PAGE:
* Government accuses Bashir loyalists in coup attempt
* Streets of Khartoum calm, witness says
* Coup points to difficult path ahead for government
* Elections to replace military-civilian council expected in 2024 (adds background, context)
In a brief statement on state TV, the army said the situation was under control. The streets of the capital Khartoum appeared calm, with people moving around as usual and no unusual deployments of security forces, a witness said.
The coup attempt points to the difficult path facing a government that has reoriented Sudan since 2019, winning Western debt relief and taking steps to normalise ties with Israel, while battling a severe economic crisis and facing down challenges from those still loyal to Bashir.
A ruling body known as the Sovereign Council has run Sudan under a fragile power-sharing deal between the military and civilians since the overthrow of Bashir, an Islamist shunned by the West who presided over Sudan for nearly three decades.
Elections are expected in 2024.
A government spokesman said remnants of Bashir’s government had participated in the coup attempt.
“We assure the Sudanese people that the situation is under complete control as the civilian and military organizers of the coup attempt have been arrested, and they are being interrogated now,” spokesman Hamza Balol said on state TV.
The authorities continued to pursue Bashir loyalists who had taken part, he said.
Early on Tuesday morning, a witness said military units loyal to the council had used tanks to close a bridge connecting Khartoum with Omdurman, just across the River Nile.
A government source, speaking on condition of anonymity, said the coup attempt had involved an effort to take control of state radio in Omdurman.
One of Sudan’s largest political parties, the Umma Party, called for citizens to resist the coup attempt, which it described as “a continuation of desperate attempts to abort our glorious revolution from officers loyal to the former regime.”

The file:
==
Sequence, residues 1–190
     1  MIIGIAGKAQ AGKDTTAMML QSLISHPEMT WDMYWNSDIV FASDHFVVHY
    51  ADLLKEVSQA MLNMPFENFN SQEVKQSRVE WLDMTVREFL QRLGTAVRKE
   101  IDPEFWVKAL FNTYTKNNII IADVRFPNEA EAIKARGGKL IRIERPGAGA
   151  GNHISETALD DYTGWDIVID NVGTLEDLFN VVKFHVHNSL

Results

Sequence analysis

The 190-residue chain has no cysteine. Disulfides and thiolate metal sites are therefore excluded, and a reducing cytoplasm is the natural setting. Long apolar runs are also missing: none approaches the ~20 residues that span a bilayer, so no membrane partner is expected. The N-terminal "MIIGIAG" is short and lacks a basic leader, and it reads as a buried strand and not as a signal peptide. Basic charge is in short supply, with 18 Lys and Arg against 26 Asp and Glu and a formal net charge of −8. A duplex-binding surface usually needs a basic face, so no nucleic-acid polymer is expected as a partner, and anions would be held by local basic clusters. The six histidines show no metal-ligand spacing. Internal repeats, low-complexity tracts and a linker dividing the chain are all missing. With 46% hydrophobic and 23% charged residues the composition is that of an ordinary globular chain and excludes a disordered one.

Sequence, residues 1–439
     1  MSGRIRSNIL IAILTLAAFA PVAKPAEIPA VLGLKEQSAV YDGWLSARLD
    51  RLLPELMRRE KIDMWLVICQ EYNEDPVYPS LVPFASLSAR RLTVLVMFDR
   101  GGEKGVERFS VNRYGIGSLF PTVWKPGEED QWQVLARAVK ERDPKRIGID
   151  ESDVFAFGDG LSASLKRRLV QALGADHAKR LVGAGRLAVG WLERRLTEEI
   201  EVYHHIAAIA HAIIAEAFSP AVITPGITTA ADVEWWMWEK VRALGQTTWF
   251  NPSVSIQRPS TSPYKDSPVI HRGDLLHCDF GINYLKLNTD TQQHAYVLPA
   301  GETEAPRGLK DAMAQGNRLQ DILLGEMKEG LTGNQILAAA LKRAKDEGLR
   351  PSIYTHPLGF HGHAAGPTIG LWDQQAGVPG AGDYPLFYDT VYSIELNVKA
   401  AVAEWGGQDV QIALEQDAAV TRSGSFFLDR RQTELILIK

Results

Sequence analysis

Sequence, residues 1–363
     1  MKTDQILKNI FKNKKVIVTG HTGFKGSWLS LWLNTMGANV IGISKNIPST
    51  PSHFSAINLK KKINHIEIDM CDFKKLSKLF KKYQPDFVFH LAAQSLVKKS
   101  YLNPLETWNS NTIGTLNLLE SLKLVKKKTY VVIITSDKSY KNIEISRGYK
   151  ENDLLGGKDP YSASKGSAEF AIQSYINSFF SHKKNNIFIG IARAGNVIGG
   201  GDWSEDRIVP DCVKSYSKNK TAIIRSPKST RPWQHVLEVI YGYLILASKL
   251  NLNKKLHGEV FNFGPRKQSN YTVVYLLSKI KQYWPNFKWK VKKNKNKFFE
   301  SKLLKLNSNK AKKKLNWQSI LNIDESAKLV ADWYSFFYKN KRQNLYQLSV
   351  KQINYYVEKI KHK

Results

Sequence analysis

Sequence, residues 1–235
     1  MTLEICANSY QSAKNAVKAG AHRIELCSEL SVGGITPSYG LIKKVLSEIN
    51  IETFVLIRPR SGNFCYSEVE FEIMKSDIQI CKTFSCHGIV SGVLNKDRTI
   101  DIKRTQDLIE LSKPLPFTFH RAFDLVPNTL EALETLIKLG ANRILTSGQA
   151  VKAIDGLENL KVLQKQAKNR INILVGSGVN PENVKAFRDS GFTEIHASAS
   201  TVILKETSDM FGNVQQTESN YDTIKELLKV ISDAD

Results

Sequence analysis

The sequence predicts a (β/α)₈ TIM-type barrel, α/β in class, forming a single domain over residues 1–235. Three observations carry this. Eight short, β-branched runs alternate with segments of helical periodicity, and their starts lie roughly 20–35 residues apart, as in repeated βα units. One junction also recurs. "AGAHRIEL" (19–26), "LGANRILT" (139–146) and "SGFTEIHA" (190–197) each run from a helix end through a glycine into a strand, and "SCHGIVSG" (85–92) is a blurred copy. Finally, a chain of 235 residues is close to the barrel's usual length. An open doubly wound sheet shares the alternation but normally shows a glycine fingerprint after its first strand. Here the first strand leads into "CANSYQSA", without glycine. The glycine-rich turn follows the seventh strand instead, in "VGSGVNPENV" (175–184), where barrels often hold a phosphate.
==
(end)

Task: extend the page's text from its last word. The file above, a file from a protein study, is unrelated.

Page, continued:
Bashir is presently in prison in Khartoum, where he faces several trials.
Religious affairs minister Nasr Eldeen Mofarih also appeared to direct blame at Bashir loyalists.
“It is now time to sweep away the remnants of the Islamists from our political and military institutions,” he wrote on Twitter.
COUPS AND CONFLICTS
It was not the first challenge to the transitional authorities. They say they have foiled or detected previous coup attempts linked to factions loyal to Bashir, who was deposed by the army after months of protests against his rule.
In 2020, Prime Minister Abdalla Hamdok survived an assassination attempt in Khartoum.
Sudan has gradually been welcomed into the international fold since the overthrow of Bashir, who is sought by the International Criminal Court (ICC) over alleged atrocities committed in Darfur in the early 2000s.
The ICC’s chief prosecutor held talks with Sudanese officials last month on accelerating steps to hand over those wanted over Darfur.
Despite a peace deal signed last year with some Sudanese rebels, there has been increased unrest in recent months in the western region of Darfur as well as local clashes in Sudan’s east.
Sudan’s economy has been in deep crisis since before Bashir’s removal and the transitional government has undergone a reform programme monitored by the International Monetary Fund.
Underlining Western support for the transitional authorities, the Paris Club of official creditors agreed in July to cancel $14 billion of Sudan’s debt. But Sudanese are still struggling with rapid inflation and shortages.
(Reporting by Khalid Abdelaziz and Ali Mirghani Writing by Aidan Lewis and Tom Perry; Editing by Andrew Heavens, Giles Elgood and Angus MacSwan)